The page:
Too much traffic, too many big buildings, says Asheville, then wonders why dense affordable housing is scarce.

    Too many hotels, says Asheville, then wonders why all the long-term housing has converted to Airbnbs.

    Too many Airbnbs and too many hotels, says Asheville, then wonders why long-term rentals are converting to Airbnbs where allowed.

    Such mysteries.

    • indy499

      Pushing hotel growth, which will occur, just outside the geographic reach of our politburo will add traffic and congestion. When the govt comes to help…..

    • NFB

      Airbnbs are good such much of Asheville, then wonders why there is not enough affordable housing.

      • dyfed

        That would make sense if there were actually tens of thousands of Airbnbs in Buncombe County. But there aren’t. We are tens of thousands of units behind in housing inventory—converting every single Airbnb to long term rental (where it even makes sense, most ADUs would never have been built if they only had the option of going LTR!) would do nothing to lower prices or increase the vacancy rate.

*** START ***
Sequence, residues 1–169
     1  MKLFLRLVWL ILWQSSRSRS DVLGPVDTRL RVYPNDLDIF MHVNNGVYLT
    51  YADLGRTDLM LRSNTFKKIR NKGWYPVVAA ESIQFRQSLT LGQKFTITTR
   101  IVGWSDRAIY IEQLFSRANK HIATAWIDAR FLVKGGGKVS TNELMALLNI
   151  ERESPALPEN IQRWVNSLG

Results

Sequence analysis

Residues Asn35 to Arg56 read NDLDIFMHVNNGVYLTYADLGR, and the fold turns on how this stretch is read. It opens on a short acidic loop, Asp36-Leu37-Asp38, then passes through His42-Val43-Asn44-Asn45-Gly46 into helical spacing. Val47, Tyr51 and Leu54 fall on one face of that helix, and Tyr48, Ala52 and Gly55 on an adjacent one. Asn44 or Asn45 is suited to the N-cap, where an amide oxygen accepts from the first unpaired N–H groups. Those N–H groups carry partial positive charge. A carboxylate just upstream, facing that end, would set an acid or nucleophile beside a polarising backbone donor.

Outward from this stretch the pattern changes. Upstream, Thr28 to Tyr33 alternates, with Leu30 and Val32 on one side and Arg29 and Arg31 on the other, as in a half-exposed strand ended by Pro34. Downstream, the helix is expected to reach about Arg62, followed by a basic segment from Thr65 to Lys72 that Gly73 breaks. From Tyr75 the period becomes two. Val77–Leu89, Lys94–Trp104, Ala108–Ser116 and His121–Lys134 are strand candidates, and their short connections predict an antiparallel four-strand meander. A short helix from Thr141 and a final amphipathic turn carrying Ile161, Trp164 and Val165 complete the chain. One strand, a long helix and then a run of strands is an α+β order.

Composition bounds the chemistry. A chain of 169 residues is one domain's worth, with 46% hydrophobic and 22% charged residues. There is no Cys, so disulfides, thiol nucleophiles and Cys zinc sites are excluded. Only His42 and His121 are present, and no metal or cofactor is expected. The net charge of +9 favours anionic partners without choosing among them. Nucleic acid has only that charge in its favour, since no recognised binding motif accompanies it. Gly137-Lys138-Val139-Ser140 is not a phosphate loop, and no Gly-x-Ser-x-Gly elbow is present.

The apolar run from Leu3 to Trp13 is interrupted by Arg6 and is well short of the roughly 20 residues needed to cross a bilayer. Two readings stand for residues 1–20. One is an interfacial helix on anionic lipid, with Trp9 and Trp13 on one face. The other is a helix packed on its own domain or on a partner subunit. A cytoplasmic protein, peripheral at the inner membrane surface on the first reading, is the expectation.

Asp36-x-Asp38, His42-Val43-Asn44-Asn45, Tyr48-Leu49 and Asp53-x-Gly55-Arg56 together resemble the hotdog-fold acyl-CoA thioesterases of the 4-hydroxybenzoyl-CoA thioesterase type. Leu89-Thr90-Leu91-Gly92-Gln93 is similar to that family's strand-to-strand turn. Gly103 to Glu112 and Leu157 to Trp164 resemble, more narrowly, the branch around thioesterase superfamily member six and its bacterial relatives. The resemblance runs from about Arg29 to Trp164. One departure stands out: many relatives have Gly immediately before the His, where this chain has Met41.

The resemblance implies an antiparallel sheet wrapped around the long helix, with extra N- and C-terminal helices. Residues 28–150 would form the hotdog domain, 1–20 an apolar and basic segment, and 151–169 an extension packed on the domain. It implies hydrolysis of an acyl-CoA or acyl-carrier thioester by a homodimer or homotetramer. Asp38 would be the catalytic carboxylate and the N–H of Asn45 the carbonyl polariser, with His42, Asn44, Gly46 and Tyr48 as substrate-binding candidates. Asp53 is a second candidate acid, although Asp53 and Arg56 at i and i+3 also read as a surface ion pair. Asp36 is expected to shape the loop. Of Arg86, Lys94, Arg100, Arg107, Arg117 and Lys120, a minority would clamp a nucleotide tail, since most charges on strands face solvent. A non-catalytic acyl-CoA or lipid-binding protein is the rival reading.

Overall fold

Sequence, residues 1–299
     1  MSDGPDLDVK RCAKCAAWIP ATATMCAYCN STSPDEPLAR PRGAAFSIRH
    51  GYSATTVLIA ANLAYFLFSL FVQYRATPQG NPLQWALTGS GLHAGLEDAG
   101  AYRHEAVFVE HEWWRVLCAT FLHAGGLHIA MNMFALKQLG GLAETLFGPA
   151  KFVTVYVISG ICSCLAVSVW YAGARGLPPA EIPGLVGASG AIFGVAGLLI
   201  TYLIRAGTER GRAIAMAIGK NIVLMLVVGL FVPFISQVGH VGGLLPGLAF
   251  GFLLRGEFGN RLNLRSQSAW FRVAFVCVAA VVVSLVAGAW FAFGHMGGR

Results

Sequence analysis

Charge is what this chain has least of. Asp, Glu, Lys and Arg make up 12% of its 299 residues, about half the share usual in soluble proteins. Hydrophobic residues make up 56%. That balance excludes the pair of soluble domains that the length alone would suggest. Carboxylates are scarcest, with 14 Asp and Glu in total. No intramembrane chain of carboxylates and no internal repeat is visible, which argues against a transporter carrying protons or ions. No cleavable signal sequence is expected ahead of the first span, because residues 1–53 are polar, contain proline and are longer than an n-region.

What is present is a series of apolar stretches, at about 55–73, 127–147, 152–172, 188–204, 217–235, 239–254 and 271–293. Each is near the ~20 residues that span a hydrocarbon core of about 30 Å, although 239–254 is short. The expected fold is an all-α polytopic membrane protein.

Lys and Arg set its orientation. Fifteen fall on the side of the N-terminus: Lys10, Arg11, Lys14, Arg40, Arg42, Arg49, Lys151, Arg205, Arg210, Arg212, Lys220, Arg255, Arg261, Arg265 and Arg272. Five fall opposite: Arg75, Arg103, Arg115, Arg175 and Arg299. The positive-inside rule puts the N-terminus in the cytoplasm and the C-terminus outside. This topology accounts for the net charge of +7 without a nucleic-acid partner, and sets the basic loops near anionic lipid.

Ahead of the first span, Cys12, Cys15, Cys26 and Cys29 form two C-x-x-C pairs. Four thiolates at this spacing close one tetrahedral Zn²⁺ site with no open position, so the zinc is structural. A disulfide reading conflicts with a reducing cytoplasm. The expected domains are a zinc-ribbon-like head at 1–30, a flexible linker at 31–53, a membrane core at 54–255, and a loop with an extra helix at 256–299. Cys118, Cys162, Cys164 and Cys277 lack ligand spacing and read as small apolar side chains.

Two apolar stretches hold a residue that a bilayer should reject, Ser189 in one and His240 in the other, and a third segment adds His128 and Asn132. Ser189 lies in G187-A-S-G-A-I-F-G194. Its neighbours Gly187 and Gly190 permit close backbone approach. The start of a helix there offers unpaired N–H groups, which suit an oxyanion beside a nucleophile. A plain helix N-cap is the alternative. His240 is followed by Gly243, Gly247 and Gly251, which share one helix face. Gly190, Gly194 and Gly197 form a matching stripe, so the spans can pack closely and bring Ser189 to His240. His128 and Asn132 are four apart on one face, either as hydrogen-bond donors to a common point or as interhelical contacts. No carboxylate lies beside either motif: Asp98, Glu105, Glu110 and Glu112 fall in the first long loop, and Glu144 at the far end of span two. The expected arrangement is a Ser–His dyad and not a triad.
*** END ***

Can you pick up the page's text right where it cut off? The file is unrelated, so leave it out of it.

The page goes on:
• luther blissett

      Once again it’s worth looking at a satellite image that shows the city limits of Asheville and note that what would, in most other cities, be a southwest quadrant is instead an 8,000-acre private estate in the unincorporated county and an enclave. That’s not to say there isn’t room for incremental infill development, but affordability has largely been pushed out of the city (often on random parcels that the county then has to accommodate after the fact) and to some degree out of the county.

      And if you have evidence that building more hotels would significantly reduce demand for AirBnBs within the city limits, I’m all ears.

      But hey, we could always build on the golf courses.